A gigantic skull has been recovered from cliffs on the edge of the river Potomac. At six-feet long and 1,000 pounds, paleontologists believe the skull once belonged to a long-extinct species of baleen whale that would have measured over 25 feet long when alive.
Top image courtesy of the Calvert Marine Museum.
The eroding river bank where the fossil was found is one of the world’s few Miocene cliffs, said Jim Schepmoes, Stratford’s spokesman, referring to the geological epoch 5 million to 23 million years ago.
Thousands of shark teeth have been found there, and the area is known to be rich in marine fossils. Whales are relatively common in the area, so the rogue bone has been found in the past.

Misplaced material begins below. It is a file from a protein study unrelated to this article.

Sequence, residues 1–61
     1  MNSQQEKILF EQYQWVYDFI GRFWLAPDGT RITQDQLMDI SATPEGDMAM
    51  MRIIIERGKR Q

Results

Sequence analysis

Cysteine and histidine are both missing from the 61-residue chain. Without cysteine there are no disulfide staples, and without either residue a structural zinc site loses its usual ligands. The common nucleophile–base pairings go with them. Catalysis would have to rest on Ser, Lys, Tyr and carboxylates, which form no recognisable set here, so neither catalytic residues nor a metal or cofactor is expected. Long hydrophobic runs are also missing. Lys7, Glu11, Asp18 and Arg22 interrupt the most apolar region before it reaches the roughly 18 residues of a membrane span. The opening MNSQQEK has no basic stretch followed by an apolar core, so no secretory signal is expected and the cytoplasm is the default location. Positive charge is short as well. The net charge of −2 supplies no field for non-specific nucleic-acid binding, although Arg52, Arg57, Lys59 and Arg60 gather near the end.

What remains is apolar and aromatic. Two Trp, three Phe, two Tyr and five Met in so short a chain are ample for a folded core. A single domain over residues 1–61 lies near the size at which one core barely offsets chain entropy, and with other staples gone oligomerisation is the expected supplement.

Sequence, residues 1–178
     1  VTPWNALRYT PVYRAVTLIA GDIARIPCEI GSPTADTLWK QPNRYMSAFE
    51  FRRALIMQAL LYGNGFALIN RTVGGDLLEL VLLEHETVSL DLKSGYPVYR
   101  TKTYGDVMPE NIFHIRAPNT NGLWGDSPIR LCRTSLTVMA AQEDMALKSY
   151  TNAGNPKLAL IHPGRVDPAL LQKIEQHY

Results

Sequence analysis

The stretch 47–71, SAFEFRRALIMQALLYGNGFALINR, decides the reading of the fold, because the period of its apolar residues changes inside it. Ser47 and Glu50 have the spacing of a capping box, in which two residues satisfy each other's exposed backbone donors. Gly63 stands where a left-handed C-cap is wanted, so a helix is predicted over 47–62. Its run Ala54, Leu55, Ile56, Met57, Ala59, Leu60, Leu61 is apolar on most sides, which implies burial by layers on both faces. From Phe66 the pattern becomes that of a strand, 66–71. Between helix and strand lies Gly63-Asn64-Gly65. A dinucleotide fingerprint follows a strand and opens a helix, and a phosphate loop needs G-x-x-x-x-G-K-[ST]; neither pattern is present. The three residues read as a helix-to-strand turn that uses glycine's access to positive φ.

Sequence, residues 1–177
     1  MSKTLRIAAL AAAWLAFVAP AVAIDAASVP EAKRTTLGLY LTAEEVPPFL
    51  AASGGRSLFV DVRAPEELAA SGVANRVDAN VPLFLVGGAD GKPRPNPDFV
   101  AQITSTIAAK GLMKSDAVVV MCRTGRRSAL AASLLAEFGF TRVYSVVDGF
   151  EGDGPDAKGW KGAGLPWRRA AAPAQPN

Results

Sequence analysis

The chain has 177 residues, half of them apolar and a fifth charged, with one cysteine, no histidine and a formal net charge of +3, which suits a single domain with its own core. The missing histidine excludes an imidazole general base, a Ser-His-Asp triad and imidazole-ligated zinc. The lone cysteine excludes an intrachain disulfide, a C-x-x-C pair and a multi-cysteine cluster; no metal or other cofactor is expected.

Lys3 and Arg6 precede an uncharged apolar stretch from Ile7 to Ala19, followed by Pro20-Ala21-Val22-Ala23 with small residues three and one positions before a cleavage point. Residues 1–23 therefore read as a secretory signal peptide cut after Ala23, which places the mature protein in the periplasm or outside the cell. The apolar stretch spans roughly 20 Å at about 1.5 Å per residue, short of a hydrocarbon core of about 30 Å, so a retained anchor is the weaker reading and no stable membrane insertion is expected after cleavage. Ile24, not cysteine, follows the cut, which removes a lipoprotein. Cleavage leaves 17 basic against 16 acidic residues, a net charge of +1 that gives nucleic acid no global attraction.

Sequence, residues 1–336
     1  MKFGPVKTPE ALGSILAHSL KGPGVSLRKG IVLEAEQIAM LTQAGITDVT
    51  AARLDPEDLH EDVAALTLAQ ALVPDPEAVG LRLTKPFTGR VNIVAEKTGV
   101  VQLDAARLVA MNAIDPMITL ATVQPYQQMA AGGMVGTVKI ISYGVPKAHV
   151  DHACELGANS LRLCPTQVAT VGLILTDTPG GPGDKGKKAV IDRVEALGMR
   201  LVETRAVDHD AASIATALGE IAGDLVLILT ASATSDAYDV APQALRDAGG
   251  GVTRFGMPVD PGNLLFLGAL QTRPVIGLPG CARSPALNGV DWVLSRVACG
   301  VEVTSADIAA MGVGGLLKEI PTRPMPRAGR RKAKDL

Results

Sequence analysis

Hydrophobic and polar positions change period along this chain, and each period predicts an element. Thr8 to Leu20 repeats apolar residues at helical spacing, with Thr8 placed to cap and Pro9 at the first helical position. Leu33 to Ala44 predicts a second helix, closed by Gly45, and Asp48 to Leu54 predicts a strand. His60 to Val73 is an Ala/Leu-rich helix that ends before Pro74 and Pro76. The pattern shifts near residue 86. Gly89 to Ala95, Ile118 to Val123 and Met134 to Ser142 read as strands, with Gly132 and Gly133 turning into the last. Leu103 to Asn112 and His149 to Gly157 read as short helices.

“But to have such a large and complete specimen is pretty uncommon,” [said John Nance, paleontology collections manager at the Calvert Marine Museum in Southern Maryland]. “In a marine environment, the bones are usually scavenged and scattered all about... The really interesting thing,” he said, “is we have all the post-cranial material — the vertebrae, the ribs, the flipper bones. It will give us a more complete picture of what these animals looked like.”
Ancient, fossilized whale skulls aren't unheard of (back in 2010, researchers of the coast of Peru discovered an even bigger, 12-million-year-old skull thought to have belonged to a long-extinct species of sperm whale), but finding one in this condition is always outstanding news for researchers, whether their focus is in evolution, biogeography, or anatomy.
According to Schepmos, the whale is "about the biggest" fossil discovery ever made in the cliffs – and excavations are just beginning. A team intends to continue searching for the rest of this skeleton this week.
More details at WaPo.